AARP Report: 56K Hawaiʻi Residents at Risk of Losing Health Insurance
A new AARP Public Policy Institute report released this week estimates that nearly 56,000 Hawaiʻi residents will lose health care coverage by 2022 if the Senate health care bill passes. AARP also estimates that Hawaiʻi would lose $1.6 billion in Medicaid funding.
The report states that the bill to repeal and replace the Affordable Care Act caps spending on Medicaid and cuts $772 billion in federal Medicaid spending, shifting costs to states, state taxpayers and families. AARP estimates Hawaiʻi would lose $1.9 billion in total federal and state Medicaid funding from FY 2020 to FY 2026.
The bill contains an age tax, which would allow insurance companies to charge older consumers five times more for the same health coverage as a younger person and reduces tax credits that help lower- and moderate-income people pay for insurance.
AARP says the legislation would make insurance unaffordable for many older residents. The report estimates a 60-year-old Hawaiʻi resident making $30,000 annually could pay up to $4,450 a year in additional premiums and $1,276 more each year in deductibles, coinsurance and co-payments. Premiums for a 60-year-old earning $55,000 in Hawaiʻi could rise to as much as $8,661 more each year.
The report shows that about 268,116 Hawaiʻi residents are between the ages of 50 and 64 and that 54% of them receive tax credit assistance under the Affordable Care Act.
“The Senate health care bill means consumers will have to pay more for less coverage. It will not reduce the cost of health insurance for older residents,” said Barbara Kim Stanton, the AARP Hawaiʻi state director. “The Medicaid cut would place a huge burden on lawmakers and taxpayers to either raise state taxes, cut health care services to Hawaiʻi residents who need it the most, or cut services elsewhere. It threatens hospitals, especially on Neighbor Islands and in rural areas, which will have to absorb the cost of providing care to the increased number of uninsured.”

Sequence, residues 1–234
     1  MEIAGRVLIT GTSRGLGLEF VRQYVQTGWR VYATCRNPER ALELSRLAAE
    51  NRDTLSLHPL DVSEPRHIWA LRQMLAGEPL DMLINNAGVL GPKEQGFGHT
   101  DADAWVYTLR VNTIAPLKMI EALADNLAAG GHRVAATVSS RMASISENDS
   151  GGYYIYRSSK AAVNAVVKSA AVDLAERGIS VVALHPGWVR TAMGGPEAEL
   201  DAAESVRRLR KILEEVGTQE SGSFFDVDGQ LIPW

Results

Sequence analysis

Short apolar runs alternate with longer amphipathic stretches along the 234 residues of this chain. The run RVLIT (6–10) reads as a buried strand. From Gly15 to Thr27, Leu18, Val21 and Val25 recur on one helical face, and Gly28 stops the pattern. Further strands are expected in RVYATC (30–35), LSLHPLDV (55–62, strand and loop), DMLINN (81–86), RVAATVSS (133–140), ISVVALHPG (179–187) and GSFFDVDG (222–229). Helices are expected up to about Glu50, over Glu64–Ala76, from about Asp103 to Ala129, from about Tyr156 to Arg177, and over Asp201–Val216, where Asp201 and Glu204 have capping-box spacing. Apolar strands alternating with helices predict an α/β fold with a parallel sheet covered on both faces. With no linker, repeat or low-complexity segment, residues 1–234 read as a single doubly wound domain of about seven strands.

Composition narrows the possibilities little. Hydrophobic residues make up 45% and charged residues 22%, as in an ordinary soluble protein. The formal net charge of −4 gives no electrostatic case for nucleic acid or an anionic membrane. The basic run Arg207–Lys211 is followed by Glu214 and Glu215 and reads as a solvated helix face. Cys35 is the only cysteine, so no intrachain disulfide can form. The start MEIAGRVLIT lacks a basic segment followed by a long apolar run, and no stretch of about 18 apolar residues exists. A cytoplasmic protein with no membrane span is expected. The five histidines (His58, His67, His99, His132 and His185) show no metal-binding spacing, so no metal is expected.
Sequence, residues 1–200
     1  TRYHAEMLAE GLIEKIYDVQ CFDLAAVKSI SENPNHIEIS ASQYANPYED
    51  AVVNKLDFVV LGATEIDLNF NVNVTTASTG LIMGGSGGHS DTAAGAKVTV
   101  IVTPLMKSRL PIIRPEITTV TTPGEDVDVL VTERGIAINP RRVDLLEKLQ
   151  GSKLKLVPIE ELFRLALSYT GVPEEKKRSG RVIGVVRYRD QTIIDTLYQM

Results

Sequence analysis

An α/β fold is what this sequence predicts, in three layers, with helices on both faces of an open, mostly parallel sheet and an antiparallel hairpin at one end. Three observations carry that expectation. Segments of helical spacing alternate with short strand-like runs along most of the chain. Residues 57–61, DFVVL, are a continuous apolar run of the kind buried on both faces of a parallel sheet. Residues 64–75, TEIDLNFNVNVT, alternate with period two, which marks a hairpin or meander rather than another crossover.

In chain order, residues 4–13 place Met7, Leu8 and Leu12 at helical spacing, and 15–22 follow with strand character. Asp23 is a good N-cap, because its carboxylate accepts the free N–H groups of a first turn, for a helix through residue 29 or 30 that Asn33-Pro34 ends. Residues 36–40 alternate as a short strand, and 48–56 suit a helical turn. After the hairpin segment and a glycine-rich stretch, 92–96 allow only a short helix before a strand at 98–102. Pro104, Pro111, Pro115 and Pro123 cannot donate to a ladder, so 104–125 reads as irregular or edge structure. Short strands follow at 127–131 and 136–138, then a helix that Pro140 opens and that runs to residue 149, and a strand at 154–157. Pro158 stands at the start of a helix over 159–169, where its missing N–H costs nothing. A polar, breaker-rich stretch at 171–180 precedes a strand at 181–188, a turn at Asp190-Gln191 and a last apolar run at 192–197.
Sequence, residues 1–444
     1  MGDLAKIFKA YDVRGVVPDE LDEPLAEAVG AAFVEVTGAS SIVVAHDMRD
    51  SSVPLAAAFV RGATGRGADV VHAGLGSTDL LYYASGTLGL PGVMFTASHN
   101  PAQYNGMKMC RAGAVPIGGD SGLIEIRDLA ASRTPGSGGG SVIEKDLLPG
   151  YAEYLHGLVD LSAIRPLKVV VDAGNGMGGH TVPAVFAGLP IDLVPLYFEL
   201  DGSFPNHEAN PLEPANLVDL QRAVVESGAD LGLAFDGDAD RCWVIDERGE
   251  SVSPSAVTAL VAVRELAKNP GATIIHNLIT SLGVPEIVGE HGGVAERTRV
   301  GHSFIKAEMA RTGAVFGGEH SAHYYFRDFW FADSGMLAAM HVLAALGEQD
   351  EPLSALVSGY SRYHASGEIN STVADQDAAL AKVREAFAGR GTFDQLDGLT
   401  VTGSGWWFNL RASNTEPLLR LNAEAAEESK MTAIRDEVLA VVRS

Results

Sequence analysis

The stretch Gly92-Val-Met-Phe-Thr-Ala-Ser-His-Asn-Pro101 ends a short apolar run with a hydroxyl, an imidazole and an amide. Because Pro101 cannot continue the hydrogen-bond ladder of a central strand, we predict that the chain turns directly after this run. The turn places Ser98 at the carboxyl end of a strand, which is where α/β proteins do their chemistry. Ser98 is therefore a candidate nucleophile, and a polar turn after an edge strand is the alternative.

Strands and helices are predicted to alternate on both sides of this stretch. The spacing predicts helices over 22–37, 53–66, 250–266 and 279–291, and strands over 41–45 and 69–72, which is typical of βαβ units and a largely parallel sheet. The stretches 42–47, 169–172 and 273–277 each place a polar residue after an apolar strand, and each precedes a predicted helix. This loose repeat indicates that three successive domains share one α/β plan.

The AARP state analysis estimates that one out of every eight Medicaid beneficiaries, about 43,000 people by 2026, would have to lose coverage to maintain the same level of service for remaining beneficiaries.
AARP says the bill would also hurt kupuna in nursing homes and providers who care for people in nursing homes and at home, who could see reduced payments because of the Medicaid cuts. Payments to nursing facilities accounted for about 75.5% of Medicaid long-term services and support payments in 2014. Home and community based services are optional in Medicaid and could be more vulnerable to cuts.
The report states that people who get their insurance through their employer also face higher costs because the bill allows states to weaken important consumer protections that ban insurance companies from capping how much they will cover annually, or over a person’s lifetime. States could also weaken or waive requirements that protect consumers from high annual out-of-pocket spending, such as deductibles and co-pays.
The bill would also affect about 44,237 Hawaiʻi residents ages 18 to 64 who leave or lose their jobs and who may have to buy coverage on the individual market.
About 190,634 Hawaiʻi residents, 73% ages 50 to 64, get their insurance through their employer. About 20,098 Hawaiʻi residents ages 50 to 64, get coverage through the Health Exchange.
The bill also allows states to weaken or waive Essential Health Benefits in the Affordable Care Act as well as limits on consumers’ annual out-of-pocket spending. About 93,366, or 34% of 50 to 64-year-old Hawaiʻi residents have a pre-existing condition.
The bill also reduces Medicare’s solvency by repealing a 0.9% payroll tax on higher-income workers. It increases Medicare premiums by removing nearly $26 billion in required payments from pharmaceutical companies over 10 years from the Part B trust fund.
“AARP Hawaiʻi thanks Sens. Brian Schatz and Mazie Hirono for their steadfast opposition to this bill,” Stanton said. “We urge the Senate Majority to dump this special interest bill that gives billions to insurance and drug companies by charging consumers, especially older Americans, higher costs for reduced benefits and strips away critical consumer protections. We need the bill to start from scratch and put consumer health needs first.”
Last year, Medicare covered 224,880 Hawaiʻi residents, about 16% of the state’s population. Most – 91% – are over age 65 and 9% are people with disabilities under age 65.